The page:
Meanwhile, Lena Headey’s scene with Ellaria Sand (Indira Varma) and her daughter Tyene (Rosabell Laurenti Sellers) in the dungeons of the Red Keep is painful almost as much for Cersei’s vulnerability as for her grotesque revenge killing. “She was mine,” she tells her daughter’s murderer, “and you took her from me. Why did you do that?” Her voice breaks with genuine confusion. Her memory of refusing a wet nurse and breastfeeding Myrcella herself over the court’s objections gives us a visceral window into what her children offered her: an escape from a life as a teenage bride sold to an indifferent and violent rapist. Here was a part of her body her husband wouldn’t hurt, a person she could satisfy and love and protect. As her incestuous relationship with her twin is, in part, an extension of her solipsistic outlook on the value of human life, so is her love for the children they made together. Who, given the chance, wouldn’t want to protect their younger self from all life’s cruelty and unfairness?
Varma’s gagged cries of impotent rage, and then her moment of horrified realization as Cersei presses poisoned lips to her daughter’s mouth, make the scene’s silences as miserable as Cersei’s sadistic monologue. Her face is a mask of helpless grief and fury as she stares into her doomed daughter’s eyes, knowing that in hours, days at the most, all the life will have gone out of them. Likewise for Yara’s (Gemma Whelan) stoic impassivity as her uncle Euron (Pilou Asbaek), laughing about how Theon broke in the heat of battle and how the crowd’s adulation is giving him a hard-on, leads her by a leash through the streets of King’s Landing. It’s Cersei’s walk of shame turned into a carnival triumph as the city applauds its queen’s conquering suitor, whose lewd maneuvering with Jaime (Nikolaj Coster-Waldau) is a thing of beauty.
Quiet Beauty, Ugly Truth
So too is the scene that follows, a sexual interlude between Cersei and her twin in which she brushes aside his objections with ravenous disregard. It’s an act of taking as ungentle as the siblings’ morning in bed together is quiet and, in some ways, sweet. The soft gray light, Cersei’s gauzy robe, Jaime’s rueful expression when his sister flaunts their verboten dalliance to a servant girl; all of it speaks to two people whose love for one another, no matter how diseased, contains some measure of gentleness. It’s a surprisingly touching sequence, achingly sad for the knowledge that maybe, absent the emotionally cauterizing abomination of life among the nobility and the abusive oppression of their father, these two people might have been capable of happiness.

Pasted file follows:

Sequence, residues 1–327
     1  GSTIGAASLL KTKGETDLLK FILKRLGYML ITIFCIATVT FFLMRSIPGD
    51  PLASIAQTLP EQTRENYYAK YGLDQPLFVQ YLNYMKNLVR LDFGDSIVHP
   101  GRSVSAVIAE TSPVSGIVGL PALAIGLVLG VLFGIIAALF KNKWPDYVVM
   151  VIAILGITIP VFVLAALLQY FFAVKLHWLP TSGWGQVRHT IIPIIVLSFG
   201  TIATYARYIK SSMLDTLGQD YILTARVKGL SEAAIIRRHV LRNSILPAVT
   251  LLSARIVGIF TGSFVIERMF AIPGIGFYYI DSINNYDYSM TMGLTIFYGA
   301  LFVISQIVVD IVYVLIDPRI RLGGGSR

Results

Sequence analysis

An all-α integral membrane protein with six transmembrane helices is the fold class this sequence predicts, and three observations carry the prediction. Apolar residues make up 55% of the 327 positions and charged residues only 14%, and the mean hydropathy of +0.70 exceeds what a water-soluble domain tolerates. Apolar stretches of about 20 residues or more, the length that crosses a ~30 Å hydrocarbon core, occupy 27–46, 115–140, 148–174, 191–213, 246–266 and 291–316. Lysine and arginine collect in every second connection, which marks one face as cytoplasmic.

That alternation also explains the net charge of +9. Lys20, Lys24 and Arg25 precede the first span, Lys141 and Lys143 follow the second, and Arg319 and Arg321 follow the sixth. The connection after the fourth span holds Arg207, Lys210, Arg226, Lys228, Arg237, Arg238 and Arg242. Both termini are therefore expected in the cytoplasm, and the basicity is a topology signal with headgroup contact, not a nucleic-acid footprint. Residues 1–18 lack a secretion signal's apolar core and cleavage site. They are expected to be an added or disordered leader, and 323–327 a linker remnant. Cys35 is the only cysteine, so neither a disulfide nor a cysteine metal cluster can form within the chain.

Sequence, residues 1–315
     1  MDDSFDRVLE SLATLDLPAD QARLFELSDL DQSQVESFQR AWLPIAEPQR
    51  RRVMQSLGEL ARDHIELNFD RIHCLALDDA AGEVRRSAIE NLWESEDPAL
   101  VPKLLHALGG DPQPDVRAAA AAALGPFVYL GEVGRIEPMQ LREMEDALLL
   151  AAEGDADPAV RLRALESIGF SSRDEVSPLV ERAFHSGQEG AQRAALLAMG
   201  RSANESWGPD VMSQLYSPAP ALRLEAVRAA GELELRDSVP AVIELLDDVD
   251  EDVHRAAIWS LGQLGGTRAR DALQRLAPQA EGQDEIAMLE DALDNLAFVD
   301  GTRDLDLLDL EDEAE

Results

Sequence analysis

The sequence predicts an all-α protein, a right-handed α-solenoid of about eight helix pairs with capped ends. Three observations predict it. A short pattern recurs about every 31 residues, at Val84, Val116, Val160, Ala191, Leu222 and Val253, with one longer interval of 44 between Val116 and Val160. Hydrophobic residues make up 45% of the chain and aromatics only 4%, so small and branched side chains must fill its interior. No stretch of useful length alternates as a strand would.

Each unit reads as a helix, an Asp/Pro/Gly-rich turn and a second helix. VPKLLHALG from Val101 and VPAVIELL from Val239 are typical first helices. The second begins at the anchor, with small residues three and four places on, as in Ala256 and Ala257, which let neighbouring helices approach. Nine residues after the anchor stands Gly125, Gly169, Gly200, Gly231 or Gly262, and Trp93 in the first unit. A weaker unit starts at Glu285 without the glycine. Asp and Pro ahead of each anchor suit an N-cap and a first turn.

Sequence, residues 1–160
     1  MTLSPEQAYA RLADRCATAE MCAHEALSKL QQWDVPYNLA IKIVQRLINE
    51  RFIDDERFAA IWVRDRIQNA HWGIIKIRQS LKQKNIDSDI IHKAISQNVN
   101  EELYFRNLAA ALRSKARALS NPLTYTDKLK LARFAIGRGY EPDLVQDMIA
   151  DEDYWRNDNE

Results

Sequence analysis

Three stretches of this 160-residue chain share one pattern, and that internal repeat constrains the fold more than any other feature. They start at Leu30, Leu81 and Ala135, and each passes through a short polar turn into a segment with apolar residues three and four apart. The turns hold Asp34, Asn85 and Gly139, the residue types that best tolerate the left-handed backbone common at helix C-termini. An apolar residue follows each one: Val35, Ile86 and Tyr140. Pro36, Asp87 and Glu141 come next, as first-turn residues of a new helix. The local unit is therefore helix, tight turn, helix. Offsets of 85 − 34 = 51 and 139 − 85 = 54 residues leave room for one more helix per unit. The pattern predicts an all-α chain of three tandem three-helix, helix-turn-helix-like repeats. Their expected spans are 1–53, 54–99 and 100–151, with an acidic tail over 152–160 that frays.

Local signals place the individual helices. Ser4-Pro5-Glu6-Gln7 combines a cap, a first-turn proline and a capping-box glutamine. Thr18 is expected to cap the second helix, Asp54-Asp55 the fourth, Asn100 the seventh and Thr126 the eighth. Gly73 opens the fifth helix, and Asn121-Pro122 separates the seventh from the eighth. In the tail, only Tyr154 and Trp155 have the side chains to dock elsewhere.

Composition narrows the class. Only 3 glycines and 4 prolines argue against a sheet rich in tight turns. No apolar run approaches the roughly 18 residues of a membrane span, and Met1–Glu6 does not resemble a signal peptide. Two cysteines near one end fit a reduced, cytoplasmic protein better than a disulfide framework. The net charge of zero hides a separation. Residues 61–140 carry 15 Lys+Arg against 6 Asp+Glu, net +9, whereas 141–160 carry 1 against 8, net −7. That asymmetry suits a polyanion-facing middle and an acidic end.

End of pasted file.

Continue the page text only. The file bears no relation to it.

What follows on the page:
The episode’s concluding act revolves around the taking of Casterly Rock by the Unsullied and the unexpected storming of Highgarden by the Lannister Army. The first is a fast-paced montage of bravery, butchery, and skullduggery as Grey Worm (Jacob Anderson) leads his men through a culvert designed by a youthful and randy Tyrion (Peter Dinklage) and takes the Rock from within only to find that its defending army is absent and Euron’s fleet has snuck up unobserved to rain fire on the Unsullied ships. It’s a propulsive and exciting sequence given a feel of heist-ish dash by Tyrion’s narration, a sharp contrast to the sad inevitability of the taking of Highgarden. Jaime’s army storms the castle and captures it handily, completing the ruination of Daenerys’s alliance and snatching up enough gold to pay back the Iron Bank of Braavos with interest in one fell swoop.
Jaime’s visit with Olenna (Diana Rigg), though, is far from triumphant. There’s no shouting, no violence; Olenna even gets in a final dig at Joffrey (Jack Gleeson), calling him a cunt for naming his sword “Widow’s Wail.” But this broken old woman, whose whole house has gone up in flames, who has no living issue and no cause left to fight for now that her vengeance has been taken from her, spends her last breaths telling Jaime with glee that she poisoned his son at his own wedding. She confesses just moments after drinking poison herself, and it’s clear that she relishes each gruesome detail. Jaime leaves without a word, and the episode’s final image is Olenna alone in her solar, a withered face lost in the black of her mourning gown as the light of the setting sun slants through the windows.